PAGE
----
In conceiving the idea of a third gender, we must take caution to remind ourselves that there is no actual creation of a third gender. God, not man, is capable of creation. We had already established there are only two physical genders (created by God). The third gender is therefore non-physical in basis - it is a social concept conceived by man to accommodate people whose gender identities are strictly neither male nor female.

This social concept, aka the third gender, will be discussed and explored furthur in the next post.

Friday, April 22, 2005

Rebuttal to a friend

This post continues to discuss the topic "Are you sure of your gender?". Some of my friends has made known their comments and I would like to share their opinions with you:

"People tend to take care of girls not merely “because they are girls” but because women are generally weaker in terms of physical strength. Women’s emancipation cannot be complete if they were only given equal opportunities. The physical imbalance is still not compensated. You seldom expect women to win men in a race. Men are simply built with physical advantages compared to women. Therefore, we need a human construct to protect and women and right the physical imbalance so that each one of us is given equal opportunities. We need a social construct to protect the physically weaker sex so they will not be subjugated." - Jolene

Male don't compete against female in physical competitions, so their physical attributes won't contribute to their advantage. Moreover, it's not necessary true that woman is the weaker sex. The female body is more kinetically stable than the male body. The extra-stability conferred by the female physical structure compensates the lack of higher muscular strength exhibited by male bodies. Moreover, statistics has shown that ladies live longer, less likely to suffer from mental illness, and live a better quality life than guys. Having different set of strengths doesn't make woman the weaker sex.

Conversely, I am not suggesting that male is the weaker sex. There's no need for a social construct to protect the physically weaker sex because there isn't one in the first place. The male sexual intercourse technique involves penetration and in its most primitive (and forceful) form constitutes as rape. This contruct leads to the idea that only man is capable of rape, and thus promoting the myth that male is the stronger sex.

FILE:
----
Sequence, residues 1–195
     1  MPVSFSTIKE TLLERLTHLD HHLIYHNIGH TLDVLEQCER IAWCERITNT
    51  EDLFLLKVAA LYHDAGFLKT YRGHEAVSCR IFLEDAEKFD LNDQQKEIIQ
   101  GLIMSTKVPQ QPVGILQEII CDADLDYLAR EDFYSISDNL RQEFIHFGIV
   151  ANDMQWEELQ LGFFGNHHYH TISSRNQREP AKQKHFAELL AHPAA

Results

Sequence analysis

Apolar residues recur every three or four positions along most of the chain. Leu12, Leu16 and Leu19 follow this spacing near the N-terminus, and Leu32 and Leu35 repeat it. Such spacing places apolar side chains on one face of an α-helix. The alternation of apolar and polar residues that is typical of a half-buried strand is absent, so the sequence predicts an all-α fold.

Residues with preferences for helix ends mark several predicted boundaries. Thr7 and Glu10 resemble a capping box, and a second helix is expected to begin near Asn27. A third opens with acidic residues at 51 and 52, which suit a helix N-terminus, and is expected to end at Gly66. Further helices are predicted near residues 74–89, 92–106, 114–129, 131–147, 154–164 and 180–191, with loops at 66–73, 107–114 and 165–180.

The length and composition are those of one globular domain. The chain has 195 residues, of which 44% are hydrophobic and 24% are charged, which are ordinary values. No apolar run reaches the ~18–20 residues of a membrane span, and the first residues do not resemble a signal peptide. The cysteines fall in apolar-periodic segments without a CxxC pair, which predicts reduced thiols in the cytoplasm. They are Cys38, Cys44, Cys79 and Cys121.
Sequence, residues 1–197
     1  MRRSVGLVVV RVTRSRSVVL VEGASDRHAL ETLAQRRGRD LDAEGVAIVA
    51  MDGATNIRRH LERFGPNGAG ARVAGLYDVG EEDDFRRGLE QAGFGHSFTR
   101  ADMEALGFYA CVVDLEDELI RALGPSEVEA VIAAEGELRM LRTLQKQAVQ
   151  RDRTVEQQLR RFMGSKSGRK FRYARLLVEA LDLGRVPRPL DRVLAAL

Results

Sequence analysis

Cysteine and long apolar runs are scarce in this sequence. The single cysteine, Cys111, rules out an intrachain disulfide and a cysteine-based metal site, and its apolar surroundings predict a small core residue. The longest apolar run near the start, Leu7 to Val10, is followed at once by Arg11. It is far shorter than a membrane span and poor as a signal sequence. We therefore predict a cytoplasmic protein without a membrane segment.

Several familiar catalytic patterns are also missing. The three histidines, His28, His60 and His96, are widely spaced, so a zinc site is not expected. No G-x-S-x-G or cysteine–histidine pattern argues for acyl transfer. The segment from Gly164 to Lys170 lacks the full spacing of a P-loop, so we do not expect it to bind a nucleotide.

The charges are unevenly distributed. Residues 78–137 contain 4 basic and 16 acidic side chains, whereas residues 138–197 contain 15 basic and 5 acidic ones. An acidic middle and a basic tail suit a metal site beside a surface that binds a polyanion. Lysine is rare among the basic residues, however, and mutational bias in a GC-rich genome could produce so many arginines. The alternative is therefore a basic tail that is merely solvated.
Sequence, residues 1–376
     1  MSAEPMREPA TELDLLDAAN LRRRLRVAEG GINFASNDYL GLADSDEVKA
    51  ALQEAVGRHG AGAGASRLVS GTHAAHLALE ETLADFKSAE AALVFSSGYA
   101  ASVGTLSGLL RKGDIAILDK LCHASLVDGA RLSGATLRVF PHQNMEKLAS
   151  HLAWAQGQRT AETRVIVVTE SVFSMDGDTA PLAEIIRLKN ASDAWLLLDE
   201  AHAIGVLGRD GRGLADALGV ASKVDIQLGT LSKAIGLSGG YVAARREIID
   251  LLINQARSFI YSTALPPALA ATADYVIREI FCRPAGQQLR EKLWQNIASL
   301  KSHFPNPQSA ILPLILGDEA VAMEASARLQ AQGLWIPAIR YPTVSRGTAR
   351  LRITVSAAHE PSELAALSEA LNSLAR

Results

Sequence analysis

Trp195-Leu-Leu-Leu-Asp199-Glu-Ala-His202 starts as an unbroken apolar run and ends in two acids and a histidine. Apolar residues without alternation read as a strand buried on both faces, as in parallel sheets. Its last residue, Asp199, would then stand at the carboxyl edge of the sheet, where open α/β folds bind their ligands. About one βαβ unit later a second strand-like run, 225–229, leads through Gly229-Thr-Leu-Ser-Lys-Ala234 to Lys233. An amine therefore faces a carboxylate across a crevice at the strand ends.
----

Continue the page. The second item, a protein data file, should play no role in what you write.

One more point to note, is that democracy today promotes equal opportunites for everyone, regardless of sex, unlike the old times when society was biased against women. Democracy aided in dispelling the myth that male is the stronger sex and reinforce that fact that ladies today are on par with guys in terms of physique and opportunities. Fair competition between sexes is the evidence that there is no weaker sex.

"Gender is a social concept, so it would be rather nonsensical to define gender using scientific rules. For a lot of scholars, “gender” and “sex” are different things. Culture and society are non-stagnant. So, given that, gender is “sexual identity, especially in relation to society or culture.”, it can be extended from “male and female”. The problem is imagining and creating that 3 gender. So far, all that we see are conjugations and combinations of the two existing genders." - Geraldine

Sex and gender are undifferentiated layman-wise. An average person uses terms sex and gender inter-changeably. Extending the sex/gender of a person to classify the "conjugations and combinations of the two existing genders" makes perfect sense because it acknowledges the lack of proper classification of sexuality in our society today and addresses the diversity of sexuality in our society. The recent increased use of terms such as metrosexual, male lesbian, necrophillics propagates the increasing diversity of sexuality in our society and therefore calls for the need of a new classification system.

"Ideally, one should be free to choose his/her own gender. I’m not very sure about this part. Perhaps, you all can think about why we should or should not be allowed to choose our genders and what the possible outcomes and social implications are." - Tom

Given that our gender/sex is a collective set of opinions, people can work to change the opinion of others, or accept the prevailing forces in society to shape their opinion of their own gender. It implicates that we have the choice to choose our gender. Even apathy is an opinion, by accepting our parents' opinion that we are male or female without exercising independent thought. Our final gender is the compromise between selective pressure and free will. Even Tom agrees that our gender/sex is a collective set of opinion.

Friday, April 15, 2005

Are you sure of your own gender?

I have a little donut here for you readers to stomach:
Are you sure of your own gender?

Gender defined at http://www.dictionary.com/ describes it as:
gen·der ( P ) Pronunciation Key (jndr)
n. Grammar.
1. Sexual identity, especially in relation to society or culture.
2. The condition of being female or male; sex.
3. Females or males considered as a group: expressions used by one gender.

Our sex is governed by a pair of sex chromosomes in our DNA. Males are XY by nature and females are XX by nature. If our sexuality is only confined by the condition of our sex, then what are the sex of the people who are borned XXY or XYX? Are they sex-less or they are male, female or both?